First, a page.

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some of what the american academy of pediatrics says and come up with something that's clear for schools. there's no clear guidance. what happens in all of this when you have the president saying that, people want to reopen. parents want to know if it's safe to go back to school and you don't have a clear message coming from this white house. >> not a clear message at all anywhere. that's for sure. carol lee getting us started at the white house. carol, thank you. katy, earlier today, dr. fauci did a satellite radio interview talking about the school situation. and he seemed to endorse the idea potentially that universities could actually bring people back because you could create sort of -- they could be quarantined. they could get cut off so there's a way maybe on the university level, but it still doesn't solve the back and forth issue that kids below of primary school age, that issue that they're dealing with of going back and forth. but i thought it was interesting. so we're getting a third set of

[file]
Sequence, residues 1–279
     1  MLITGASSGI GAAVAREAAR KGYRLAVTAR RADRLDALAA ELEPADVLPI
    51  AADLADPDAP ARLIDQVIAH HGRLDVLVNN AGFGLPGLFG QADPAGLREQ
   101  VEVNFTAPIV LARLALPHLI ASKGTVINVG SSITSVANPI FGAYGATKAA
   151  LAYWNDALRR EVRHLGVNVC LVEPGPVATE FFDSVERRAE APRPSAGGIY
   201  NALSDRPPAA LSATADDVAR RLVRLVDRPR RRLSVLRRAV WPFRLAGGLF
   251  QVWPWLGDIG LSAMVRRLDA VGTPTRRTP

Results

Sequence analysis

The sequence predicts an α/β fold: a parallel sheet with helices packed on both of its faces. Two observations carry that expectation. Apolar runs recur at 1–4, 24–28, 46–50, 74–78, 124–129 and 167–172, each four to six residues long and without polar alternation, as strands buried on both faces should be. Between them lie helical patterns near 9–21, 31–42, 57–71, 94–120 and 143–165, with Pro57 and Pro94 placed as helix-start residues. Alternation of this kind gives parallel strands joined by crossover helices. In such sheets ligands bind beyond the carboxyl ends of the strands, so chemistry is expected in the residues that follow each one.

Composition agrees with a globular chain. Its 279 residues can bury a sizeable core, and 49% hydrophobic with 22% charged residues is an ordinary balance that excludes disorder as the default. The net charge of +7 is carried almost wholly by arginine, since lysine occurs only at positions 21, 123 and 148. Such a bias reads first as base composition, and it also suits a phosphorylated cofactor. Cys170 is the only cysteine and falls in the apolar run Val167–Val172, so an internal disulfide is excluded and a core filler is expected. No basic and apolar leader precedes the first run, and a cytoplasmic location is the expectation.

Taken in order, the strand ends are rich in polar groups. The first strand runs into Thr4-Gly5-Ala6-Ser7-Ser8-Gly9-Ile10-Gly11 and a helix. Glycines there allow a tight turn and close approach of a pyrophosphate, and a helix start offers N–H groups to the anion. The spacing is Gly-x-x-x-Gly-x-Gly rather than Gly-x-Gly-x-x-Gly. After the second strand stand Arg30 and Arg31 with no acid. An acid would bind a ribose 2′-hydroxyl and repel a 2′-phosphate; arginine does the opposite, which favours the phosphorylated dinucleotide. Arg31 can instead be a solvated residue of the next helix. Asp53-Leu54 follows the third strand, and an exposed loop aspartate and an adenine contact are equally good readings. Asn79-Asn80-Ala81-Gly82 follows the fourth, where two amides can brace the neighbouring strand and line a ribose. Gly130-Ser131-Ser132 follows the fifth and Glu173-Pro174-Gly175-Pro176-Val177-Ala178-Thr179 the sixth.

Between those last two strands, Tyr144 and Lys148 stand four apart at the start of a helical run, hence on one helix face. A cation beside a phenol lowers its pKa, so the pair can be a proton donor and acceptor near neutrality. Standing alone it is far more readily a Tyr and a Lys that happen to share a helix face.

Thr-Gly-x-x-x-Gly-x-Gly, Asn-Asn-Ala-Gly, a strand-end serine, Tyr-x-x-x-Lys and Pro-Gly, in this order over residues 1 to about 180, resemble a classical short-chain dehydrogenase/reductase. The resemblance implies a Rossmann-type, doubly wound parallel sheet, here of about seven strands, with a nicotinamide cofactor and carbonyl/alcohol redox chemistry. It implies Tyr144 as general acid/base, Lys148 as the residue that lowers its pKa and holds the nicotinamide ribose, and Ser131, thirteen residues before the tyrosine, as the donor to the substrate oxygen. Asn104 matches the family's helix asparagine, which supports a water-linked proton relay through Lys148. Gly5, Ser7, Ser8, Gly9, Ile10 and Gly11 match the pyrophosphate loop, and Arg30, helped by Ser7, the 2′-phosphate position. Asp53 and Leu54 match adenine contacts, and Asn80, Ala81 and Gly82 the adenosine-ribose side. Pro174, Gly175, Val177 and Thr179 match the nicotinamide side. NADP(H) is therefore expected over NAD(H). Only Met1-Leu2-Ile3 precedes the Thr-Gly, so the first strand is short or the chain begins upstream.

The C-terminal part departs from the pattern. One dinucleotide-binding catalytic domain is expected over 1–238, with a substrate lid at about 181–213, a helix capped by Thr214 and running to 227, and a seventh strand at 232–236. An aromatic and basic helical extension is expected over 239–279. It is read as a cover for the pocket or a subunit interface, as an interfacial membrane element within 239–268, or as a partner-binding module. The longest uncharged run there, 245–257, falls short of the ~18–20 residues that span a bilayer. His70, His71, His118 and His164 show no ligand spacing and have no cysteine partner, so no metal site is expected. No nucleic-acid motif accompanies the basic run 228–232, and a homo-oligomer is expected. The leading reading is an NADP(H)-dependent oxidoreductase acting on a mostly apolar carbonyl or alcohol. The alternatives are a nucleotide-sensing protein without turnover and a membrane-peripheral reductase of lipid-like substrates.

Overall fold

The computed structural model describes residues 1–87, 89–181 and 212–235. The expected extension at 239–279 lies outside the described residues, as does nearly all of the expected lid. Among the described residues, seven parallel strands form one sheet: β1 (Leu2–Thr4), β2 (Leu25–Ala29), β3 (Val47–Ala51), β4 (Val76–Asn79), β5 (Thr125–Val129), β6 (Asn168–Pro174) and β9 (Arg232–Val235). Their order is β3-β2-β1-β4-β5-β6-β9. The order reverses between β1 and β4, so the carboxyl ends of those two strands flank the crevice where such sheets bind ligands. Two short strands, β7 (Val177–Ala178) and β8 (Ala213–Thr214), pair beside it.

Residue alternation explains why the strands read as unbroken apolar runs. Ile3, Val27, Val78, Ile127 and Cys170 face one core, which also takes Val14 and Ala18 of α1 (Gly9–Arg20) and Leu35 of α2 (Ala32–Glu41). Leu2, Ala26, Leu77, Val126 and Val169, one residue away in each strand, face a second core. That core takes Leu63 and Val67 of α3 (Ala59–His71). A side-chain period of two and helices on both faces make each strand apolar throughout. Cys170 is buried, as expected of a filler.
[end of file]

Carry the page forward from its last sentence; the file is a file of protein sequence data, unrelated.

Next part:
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guidance. fauci essentially endorsing the idea of universities if they can close the campuses, actually could bring people back. >> it just shows how this administration, the people working for this administration, are not all on the same page. and when you're talking about primary school, chuck, if the issue is it was too expensive to institute those cdc guidelines, fund the money to the schools. give them the money they need. if you want to restart the economy you have to give parents a way to put their kids back in school so they can go back to work. money seems to be an issue that is the easiest to solve, at least in this scenario. chuck, let's go over to arizona where coronavirus infections are skyrocketing. over 24,000 new cases in the last week. that's more than 22% of the state's total infections to date. in spite of the startling numbers, the trump administration is painting an optimistic picture of where cases in hard-hit states like arizona, florida and texas are